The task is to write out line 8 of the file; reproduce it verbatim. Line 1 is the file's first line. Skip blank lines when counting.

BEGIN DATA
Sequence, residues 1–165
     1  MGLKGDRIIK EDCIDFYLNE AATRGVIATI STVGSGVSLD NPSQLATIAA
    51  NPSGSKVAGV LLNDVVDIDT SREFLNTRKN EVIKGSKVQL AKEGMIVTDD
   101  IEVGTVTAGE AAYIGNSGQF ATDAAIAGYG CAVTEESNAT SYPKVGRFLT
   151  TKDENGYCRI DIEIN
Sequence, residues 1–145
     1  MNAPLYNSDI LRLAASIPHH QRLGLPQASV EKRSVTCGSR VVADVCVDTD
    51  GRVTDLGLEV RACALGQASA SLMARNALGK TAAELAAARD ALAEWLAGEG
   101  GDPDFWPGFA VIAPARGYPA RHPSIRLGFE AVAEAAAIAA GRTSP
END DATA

    51  GRVTDLGLEV RACALGQASA SLMARNALGK TAAELAAARD ALAEWLAGEG